[time-nuts] establishing your position w/o gps

David davidwhess at gmail.com
Tue Jan 24 12:16:47 EST 2012

I think James Burke discussed these clocks in one of his documentary
series.  Besides not using a pendulum, they were temperature
compensated by using materials with opposite temperature coefficients
of expansion and then gimbaled for use on a rolling and pitching ship.

Oddly enough, the phase locked loop came significantly earlier when a
clock maker used it to regulate pendulum clocks overnight to quickly
calibrate a new clock to a reference clock.

On Tue, 24 Jan 2012 17:50:54 +0100, Azelio Boriani
<azelio.boriani at screen.it> wrote:

>Yes, the first real push was the Longitude Act (1714) and the Harrison's
>On Tue, Jan 24, 2012 at 5:36 PM, Chris Albertson
><albertson.chris at gmail.com>wrote:
>> On Tue, Jan 24, 2012 at 3:16 AM, Attila Kinali <attila at kinali.ch> wrote:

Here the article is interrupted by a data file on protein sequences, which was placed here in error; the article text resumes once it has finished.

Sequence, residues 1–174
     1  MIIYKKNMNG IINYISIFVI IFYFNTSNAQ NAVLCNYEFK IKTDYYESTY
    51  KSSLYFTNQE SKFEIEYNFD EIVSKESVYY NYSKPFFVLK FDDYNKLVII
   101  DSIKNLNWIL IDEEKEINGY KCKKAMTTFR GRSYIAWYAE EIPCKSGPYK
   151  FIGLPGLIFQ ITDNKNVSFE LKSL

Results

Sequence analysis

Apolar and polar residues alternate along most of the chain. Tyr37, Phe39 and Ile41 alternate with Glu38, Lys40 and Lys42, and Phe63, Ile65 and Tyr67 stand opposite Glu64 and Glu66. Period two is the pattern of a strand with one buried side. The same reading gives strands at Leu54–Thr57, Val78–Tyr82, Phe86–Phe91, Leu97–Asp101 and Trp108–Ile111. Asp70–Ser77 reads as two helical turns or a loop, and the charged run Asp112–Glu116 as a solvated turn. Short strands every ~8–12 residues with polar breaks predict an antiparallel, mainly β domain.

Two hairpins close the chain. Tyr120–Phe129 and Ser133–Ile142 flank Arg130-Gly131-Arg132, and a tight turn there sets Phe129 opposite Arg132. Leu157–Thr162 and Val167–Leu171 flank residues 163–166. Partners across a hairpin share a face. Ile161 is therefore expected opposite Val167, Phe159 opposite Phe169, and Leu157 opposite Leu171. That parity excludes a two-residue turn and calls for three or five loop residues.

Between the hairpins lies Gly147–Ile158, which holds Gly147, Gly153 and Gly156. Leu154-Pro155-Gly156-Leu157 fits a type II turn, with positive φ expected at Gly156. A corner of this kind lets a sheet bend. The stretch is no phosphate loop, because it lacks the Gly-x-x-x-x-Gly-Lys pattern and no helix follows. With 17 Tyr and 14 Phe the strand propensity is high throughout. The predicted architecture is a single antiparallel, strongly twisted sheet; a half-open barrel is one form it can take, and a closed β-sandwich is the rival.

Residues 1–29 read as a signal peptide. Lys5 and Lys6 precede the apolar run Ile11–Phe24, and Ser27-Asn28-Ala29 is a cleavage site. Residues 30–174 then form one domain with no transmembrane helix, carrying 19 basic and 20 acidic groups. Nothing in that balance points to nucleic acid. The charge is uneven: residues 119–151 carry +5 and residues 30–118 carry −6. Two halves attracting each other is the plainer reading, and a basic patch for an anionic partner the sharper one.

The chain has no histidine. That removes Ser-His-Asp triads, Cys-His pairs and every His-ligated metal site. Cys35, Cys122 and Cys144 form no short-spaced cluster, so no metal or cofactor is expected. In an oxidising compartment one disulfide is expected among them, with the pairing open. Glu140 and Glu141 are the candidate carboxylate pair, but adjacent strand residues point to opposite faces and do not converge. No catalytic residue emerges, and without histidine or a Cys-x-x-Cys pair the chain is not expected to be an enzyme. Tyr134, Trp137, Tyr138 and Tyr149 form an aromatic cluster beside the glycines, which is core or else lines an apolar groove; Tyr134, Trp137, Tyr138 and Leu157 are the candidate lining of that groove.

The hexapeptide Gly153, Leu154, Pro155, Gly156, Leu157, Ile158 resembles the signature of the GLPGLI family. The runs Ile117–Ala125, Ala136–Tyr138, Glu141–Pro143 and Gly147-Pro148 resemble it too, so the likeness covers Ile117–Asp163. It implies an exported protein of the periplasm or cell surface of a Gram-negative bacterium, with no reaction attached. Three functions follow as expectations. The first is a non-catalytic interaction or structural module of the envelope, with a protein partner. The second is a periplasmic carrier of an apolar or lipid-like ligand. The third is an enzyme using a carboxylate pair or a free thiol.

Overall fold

>> > On Tue, 24 Jan 2012 11:04:08 +0000
>> > "Poul-Henning Kamp" <phk at phk.freebsd.dk> wrote:
>> >
>> >> In message <20120124115848.312d60bd4fccce4f3e71c136 at kinali.ch>, Attila
>> Kinali w
>> >> rites:
>> >>
>> >> >All this talk about telling the time using stars or the sun made me
>> wonder
>> >> >how did people tell what position their telescopes had back in the days
>> >> >before GPS?
>> Sailingships and trade was what pushed this.   At the time of Columbus
>> he was able to know his latitude within a few 10s of miles but even
>> after returning to Europe he did no know how far around the world he
>> had sailed.  Was it 1/3rd or 2/3rds?  They had no way to know.    The
>> problem was that on one had a clock that should keep time well enough.
>>  They used hour glasses on board ship for short duration time keeping
>> but those were of no use on a longer ocean crossing.
>> Later they discovered the idea of common view of the moons of Jupiter
>> and they could measure the time from local noon some even on Jupitor
>> while a person back home did the same thing.  Later when he got back
>> home they compare notes and then know the difference in longitude.
>>  Good ocean going clocks were still centuries away.    But in the
>> 1500's they could only know the location after the fact when they
>> returned

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